Uptown, Canada -Marlo Campbell
Events at local Global Human Rights Torch Relay mirror global conflict
A rally to raise awareness about human-rights violations in China ended
up demonstrating just how polarized Winnipeggers feel about the issue.
About 100 people showed up at the Legislature on May 9 to support the
Global Human Rights Torch Relay, a grassroots campaign that's winding
its way around the world in advance of this summer's Olympic Games in
Beijing. However, the local event was repeatedly disrupted by a group of
about 20 pro-China protesters who waved Chinese flags, sang and chanted
The campaign's goal is to draw attention to the actions of the Chinese
Communist Party (CCP) in the hopes of creating change. Representatives
from several groups criticized the CCP for its support of oppressive
regimes in Myanmar (also known as Burma) and Sudan, as well as for its
systemic persecution of political dissidents, democracy activists,
Tibetan Buddhists, and followers of Falun Gong, a Chinese spiritual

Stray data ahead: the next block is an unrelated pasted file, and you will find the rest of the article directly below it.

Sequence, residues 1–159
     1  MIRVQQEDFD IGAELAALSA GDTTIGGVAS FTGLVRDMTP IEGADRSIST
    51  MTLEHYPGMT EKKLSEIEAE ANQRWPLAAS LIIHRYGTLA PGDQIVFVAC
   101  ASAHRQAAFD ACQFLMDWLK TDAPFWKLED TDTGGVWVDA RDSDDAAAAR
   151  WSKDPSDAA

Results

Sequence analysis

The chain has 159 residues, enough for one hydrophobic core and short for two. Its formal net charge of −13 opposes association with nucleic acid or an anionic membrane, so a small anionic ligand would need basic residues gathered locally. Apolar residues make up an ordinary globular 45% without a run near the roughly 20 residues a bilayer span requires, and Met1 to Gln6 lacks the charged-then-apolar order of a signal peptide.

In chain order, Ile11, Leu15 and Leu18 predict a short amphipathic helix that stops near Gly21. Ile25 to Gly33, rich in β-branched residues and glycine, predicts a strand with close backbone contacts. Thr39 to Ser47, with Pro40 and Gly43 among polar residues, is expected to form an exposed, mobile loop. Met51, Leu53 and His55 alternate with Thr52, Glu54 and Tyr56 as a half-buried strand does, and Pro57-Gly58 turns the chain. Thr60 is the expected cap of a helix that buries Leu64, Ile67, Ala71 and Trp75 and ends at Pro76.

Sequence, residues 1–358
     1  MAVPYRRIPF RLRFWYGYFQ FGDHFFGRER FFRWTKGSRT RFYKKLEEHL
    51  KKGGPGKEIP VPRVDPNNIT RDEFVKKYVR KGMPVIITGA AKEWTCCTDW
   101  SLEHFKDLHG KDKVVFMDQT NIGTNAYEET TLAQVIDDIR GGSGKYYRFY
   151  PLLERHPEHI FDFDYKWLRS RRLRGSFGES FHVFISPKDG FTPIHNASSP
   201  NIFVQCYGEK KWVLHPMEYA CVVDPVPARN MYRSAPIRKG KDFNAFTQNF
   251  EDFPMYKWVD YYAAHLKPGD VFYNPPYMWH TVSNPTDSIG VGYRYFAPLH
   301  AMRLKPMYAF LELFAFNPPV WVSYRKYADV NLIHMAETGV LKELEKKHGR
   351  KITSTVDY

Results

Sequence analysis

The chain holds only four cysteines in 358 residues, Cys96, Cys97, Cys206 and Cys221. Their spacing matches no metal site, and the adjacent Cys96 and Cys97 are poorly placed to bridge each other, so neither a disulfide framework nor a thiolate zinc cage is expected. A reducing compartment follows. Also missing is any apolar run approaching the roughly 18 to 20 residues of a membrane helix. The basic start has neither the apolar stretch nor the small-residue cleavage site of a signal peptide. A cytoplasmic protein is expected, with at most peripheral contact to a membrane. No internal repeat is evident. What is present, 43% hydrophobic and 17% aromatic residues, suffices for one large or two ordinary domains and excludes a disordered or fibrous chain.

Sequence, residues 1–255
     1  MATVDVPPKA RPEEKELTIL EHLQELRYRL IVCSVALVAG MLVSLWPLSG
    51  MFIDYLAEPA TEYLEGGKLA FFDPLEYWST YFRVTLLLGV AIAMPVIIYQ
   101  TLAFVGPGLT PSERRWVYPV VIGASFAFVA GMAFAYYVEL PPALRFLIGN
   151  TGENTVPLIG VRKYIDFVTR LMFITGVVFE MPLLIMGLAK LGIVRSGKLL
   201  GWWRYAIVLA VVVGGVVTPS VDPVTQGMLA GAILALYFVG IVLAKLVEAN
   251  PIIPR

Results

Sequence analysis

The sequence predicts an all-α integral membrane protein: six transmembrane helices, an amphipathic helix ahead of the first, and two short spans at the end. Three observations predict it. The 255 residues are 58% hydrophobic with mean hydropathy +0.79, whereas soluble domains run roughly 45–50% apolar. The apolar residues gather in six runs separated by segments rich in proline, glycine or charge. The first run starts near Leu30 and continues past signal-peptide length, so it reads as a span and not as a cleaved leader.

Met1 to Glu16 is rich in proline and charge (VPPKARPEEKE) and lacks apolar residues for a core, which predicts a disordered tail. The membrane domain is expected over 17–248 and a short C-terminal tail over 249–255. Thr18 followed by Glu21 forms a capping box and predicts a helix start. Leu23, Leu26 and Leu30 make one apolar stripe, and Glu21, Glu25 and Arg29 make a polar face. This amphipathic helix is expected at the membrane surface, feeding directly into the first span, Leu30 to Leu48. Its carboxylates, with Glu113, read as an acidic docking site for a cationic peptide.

practice that was banned by the CCP in 1999.
Allegations from the latter group are particularly disturbing. They
claim that tens of thousands of Falun Gong practitioners have been
arrested, imprisoned and killed so that their organs can be harvested
and sold - accusations that were corroborated in a 2006 report
co-authored by David Matas, a prominent local human-rights lawyer who
spoke at the Winnipeg rally.
"Crimes against humanity are crimes against us all," Matas told the
crowd. "These are matters that we must speak out against or else we
cease to be human."
Similar rallies have been held in 37 countries since the Global Human
Rights Torch Relay began in Greece last August, initiated by the
Coalition to Investigate the Persecution of Falun Gong. Matas has
attended a number of them - both in North America and in Europe - and
told Uptown that Winnipeg's was the first at which Chinese nationalists
have attempted to shout down the speakers.
For the most part, however, cries of "Stop Lying!" and "Tell the Truth!"
were ignored by those who spoke. Instead, they emphasized the need to
show solidarity with people who are oppressed under the current CCP
"It's our responsibility, we who have the right of free speech, to stand
up and speak for those who don't - those who are arrested, beaten,
imprisoned, tortured and killed, simply because of their religion, their
ethic background or their beliefs, or simply because they stand up and
speak out against injustice, as we are doing here today," said Dorothy
Kotler, on behalf of the Canadian Tibetan Buddhist Society of Manitoba.
"If we don't use our rights and freedoms to help bring human rights to
others, then what's the use of having them?"
Thursday, May 15, 2008
The controversy comes home